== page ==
Tosa officer becomes 263rd to die in line of duty in Wisconsin

Jennifer Sebena shot multiple times in early hours of Dec. 24

Dec. 24, 2012

Wauwatosa police lost one of their own on Christmas Eve. Between the hours of 3 and 5 a.m., Jennifer Lynn Sebena, 30, was shot multiple times and killed, Lt. Gerald Witkowski said.

When a dispatch attempted to send Sebena out on a call and didn't get a response, another officer was sent to investigate.

The officer found Sebena's body near Harmonee and Underwood avenues, Witkowski said. The area was searched, but no suspects were found.

Lincoln Elementary School is being used as a command center for the ongoing homicide investigation led by the Wisconsin Department of Justice. There are no suspects at this time, Witkowski said.

Officers from the Milwaukee County Sheriff's Office and Brookfield, Elm Grove, West Allis, Cudahy and Oak Creek police departments helped close off the area and redirect traffic.

"Our hearts are heavy. We can't believe that something like this occurs," Witkowski said during a news conference earlier today.

Sebena, a second-year officer, is the 263rd Wisconsin officer killed in the line of duty - and the 117th killed by gunfire, according to the Officer Down Memorial Page, a website that honors every law enforcement officer in the country who dies on duty.

She died on one of the three most dangerous days of the year for law enforcement officers: Christmas Eve, Christmas Day and New Year's Eve, according to the website.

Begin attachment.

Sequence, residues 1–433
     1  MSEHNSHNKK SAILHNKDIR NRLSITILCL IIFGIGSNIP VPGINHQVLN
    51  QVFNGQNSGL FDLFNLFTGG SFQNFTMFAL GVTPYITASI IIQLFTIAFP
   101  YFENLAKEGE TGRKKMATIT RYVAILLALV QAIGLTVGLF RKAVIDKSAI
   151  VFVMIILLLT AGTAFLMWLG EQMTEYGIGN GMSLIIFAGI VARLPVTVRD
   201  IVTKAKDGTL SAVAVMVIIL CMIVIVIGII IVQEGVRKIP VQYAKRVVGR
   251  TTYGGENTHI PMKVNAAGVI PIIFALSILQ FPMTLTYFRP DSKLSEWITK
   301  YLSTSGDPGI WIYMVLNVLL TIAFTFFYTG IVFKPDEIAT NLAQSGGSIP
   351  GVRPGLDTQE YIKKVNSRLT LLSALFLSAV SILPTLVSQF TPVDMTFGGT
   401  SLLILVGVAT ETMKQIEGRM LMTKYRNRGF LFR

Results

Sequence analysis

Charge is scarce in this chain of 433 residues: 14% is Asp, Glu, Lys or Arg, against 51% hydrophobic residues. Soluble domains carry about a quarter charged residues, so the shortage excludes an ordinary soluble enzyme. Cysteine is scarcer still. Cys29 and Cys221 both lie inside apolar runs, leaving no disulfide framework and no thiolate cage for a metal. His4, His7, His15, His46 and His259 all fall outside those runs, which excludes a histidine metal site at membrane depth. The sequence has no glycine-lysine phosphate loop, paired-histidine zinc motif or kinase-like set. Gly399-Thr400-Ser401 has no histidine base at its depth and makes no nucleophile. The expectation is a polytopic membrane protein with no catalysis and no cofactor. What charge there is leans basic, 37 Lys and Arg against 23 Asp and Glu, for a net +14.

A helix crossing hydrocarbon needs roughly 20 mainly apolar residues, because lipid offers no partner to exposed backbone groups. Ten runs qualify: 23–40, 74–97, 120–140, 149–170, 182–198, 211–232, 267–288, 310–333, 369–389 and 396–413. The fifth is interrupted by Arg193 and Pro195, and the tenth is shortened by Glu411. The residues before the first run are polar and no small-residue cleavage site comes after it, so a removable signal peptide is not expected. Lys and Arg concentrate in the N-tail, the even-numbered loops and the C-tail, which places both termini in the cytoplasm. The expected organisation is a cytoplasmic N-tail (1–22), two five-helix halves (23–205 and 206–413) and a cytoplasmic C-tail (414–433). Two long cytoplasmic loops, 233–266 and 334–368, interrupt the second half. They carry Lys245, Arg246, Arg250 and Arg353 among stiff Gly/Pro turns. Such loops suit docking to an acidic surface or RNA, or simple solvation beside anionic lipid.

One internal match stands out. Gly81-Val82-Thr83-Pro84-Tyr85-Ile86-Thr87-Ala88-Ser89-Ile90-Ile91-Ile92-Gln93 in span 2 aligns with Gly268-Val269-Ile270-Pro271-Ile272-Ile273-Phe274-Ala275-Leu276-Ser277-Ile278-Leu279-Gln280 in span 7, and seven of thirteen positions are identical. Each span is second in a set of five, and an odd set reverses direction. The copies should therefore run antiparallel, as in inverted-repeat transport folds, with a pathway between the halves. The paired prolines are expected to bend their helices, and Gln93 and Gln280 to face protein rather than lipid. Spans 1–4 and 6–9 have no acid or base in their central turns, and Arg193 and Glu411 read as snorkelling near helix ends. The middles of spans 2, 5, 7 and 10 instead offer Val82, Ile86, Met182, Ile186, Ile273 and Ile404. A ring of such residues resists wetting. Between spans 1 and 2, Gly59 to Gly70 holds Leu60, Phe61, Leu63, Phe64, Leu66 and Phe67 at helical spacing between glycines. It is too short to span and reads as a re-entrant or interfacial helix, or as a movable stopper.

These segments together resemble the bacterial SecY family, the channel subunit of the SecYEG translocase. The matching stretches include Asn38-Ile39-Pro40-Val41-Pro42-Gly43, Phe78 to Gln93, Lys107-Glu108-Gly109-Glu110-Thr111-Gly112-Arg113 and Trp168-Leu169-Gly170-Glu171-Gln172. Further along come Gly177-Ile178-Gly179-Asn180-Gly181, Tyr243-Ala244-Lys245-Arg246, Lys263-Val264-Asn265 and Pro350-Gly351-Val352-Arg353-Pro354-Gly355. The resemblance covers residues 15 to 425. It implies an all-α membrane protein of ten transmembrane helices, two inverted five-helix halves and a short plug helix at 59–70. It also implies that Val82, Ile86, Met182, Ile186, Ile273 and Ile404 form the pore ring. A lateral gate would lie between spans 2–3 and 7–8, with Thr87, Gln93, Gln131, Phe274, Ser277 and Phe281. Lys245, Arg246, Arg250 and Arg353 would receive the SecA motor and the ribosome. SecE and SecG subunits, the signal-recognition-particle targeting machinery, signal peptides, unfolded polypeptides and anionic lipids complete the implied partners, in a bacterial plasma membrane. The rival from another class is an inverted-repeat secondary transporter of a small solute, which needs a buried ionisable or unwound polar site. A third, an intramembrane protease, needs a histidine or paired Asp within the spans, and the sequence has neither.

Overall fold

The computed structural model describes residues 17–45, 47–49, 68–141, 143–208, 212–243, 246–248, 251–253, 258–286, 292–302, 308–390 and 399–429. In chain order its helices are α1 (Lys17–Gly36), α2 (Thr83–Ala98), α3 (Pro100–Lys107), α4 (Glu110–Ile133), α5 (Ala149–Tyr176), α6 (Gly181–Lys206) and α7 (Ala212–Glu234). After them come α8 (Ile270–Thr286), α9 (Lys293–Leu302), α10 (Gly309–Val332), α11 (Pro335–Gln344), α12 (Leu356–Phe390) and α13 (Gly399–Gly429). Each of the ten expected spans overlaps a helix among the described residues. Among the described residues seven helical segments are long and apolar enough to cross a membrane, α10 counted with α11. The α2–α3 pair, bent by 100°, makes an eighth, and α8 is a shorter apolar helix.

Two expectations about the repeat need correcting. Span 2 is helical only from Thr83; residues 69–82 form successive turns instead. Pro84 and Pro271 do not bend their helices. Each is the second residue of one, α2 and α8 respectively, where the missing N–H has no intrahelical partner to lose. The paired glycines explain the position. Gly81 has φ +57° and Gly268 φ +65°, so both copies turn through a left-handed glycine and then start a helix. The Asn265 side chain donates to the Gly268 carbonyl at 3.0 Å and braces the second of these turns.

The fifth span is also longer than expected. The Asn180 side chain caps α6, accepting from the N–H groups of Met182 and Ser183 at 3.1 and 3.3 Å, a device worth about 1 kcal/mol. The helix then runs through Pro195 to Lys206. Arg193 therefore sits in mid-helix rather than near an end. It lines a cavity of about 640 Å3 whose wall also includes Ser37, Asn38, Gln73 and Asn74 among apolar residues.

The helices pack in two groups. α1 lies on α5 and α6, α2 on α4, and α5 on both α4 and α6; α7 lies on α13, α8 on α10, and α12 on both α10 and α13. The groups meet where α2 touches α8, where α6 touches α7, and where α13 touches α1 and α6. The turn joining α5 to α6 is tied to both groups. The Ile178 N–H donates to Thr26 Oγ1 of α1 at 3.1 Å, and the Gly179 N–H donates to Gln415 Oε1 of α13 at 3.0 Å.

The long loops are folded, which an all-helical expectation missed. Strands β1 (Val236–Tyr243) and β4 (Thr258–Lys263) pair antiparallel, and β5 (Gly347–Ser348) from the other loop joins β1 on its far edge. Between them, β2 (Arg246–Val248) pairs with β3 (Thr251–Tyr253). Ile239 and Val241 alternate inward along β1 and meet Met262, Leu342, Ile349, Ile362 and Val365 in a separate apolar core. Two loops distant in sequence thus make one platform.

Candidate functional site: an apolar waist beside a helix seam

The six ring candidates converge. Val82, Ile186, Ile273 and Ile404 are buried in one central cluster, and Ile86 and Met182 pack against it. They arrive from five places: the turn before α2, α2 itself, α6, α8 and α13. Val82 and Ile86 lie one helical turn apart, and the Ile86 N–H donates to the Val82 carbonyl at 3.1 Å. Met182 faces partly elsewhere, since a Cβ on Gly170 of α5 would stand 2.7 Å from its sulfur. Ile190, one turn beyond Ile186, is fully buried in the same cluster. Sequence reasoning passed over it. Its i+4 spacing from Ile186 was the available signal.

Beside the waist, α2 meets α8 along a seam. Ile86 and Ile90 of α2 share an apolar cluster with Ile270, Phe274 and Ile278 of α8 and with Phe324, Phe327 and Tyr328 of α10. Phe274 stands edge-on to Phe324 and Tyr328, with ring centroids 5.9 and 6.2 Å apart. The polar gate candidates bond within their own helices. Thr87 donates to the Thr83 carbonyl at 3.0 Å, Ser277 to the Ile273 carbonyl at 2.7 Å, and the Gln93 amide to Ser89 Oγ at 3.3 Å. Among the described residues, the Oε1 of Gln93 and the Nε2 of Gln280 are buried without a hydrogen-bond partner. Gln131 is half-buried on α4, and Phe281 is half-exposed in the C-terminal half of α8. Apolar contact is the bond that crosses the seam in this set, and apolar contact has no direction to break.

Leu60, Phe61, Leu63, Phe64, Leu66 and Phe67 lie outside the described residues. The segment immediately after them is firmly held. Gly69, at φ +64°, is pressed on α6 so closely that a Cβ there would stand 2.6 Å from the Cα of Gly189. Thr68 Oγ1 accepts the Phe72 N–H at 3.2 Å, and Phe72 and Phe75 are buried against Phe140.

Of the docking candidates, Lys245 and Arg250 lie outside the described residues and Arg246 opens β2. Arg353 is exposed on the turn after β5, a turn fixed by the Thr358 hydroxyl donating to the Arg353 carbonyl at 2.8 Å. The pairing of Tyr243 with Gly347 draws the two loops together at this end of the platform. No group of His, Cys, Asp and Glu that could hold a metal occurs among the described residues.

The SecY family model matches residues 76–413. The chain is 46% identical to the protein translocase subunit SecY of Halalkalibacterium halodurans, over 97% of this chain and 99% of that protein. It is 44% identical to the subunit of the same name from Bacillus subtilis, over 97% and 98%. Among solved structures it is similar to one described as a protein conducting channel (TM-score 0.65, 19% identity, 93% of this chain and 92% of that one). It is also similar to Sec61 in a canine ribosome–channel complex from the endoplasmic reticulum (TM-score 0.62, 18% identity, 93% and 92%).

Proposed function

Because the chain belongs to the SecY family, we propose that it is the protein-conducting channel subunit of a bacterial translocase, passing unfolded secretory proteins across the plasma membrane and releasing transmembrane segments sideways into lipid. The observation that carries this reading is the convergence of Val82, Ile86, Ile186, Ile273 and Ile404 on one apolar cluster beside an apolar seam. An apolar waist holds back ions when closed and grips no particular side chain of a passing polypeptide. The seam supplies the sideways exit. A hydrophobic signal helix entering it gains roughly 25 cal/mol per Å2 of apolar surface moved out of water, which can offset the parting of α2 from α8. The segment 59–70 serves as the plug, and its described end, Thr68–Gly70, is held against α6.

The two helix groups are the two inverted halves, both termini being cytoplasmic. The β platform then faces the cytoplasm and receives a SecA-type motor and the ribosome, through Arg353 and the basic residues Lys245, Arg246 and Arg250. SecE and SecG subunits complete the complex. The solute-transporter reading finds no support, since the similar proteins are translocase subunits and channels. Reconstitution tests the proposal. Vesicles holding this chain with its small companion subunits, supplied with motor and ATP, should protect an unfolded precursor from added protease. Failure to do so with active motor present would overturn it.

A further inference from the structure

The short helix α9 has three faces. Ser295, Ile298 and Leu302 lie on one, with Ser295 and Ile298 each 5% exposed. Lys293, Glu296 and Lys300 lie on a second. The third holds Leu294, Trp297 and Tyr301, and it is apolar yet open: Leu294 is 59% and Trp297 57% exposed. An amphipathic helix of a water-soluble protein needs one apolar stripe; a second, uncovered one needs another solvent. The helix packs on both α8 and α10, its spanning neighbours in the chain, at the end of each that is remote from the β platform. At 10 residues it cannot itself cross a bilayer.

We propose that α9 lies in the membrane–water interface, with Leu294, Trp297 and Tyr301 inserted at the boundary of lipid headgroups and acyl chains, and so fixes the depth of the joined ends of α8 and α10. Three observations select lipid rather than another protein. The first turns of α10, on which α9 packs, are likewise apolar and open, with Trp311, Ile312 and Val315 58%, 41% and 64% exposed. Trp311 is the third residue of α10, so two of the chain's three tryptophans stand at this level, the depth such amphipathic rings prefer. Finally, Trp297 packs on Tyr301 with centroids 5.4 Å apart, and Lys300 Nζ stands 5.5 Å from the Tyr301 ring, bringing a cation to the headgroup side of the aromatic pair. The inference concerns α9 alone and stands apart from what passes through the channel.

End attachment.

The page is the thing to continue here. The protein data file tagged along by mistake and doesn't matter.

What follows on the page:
Harold Weinke, police officer and board member of the Wisconsin branch of Concerns of Police Survivors, lost his son in the line of duty in 1998. He said there is no such thing as a routine call, adding: "You can't ever let your guard down no matter if you're county, city or village. There is a constant threat. If you stop somebody, you never know what you're going to get into. There could be a brake light out and they could have committed a homicide in the county next to yours."

Wisconsin C.O.P.S. specializes in helping families, police departments and communities cope after an officer dies. The group is made up of family members and friends of those who have died in the line of duty.

C.O.P.S. gets involved at the request of the affected department, and Weinke said he is ready to respond if Wauwatosa needs him. He also pointed out there are many resources in the Milwaukee area that the Wauwatosa Police Department can call on for help.

Peer support is the best way for the department members to alleviate the pain of their loss, he said.

"Law enforcement is one big family. We're all brothers and sisters. Just be there for your co-workers and don't be afraid to let your feelings be known. You've got to be there for one another. Law enforcement is a dangerous line of work, and this is a reminder."

Sebena was relatively new to the force having joined in January of 2011. She began conducting solo patrols last July. She ended her probationary period last November.

Witkowski trained Sebena and was there for her graduation. He described her in one word: great. His email has been swamped by concerned community members sending prayers and thoughts.

"Thoughts and prayers are much appreciated. A lot of you have already sent emails to the department and my office, and that's appreciated. It really is," he said.


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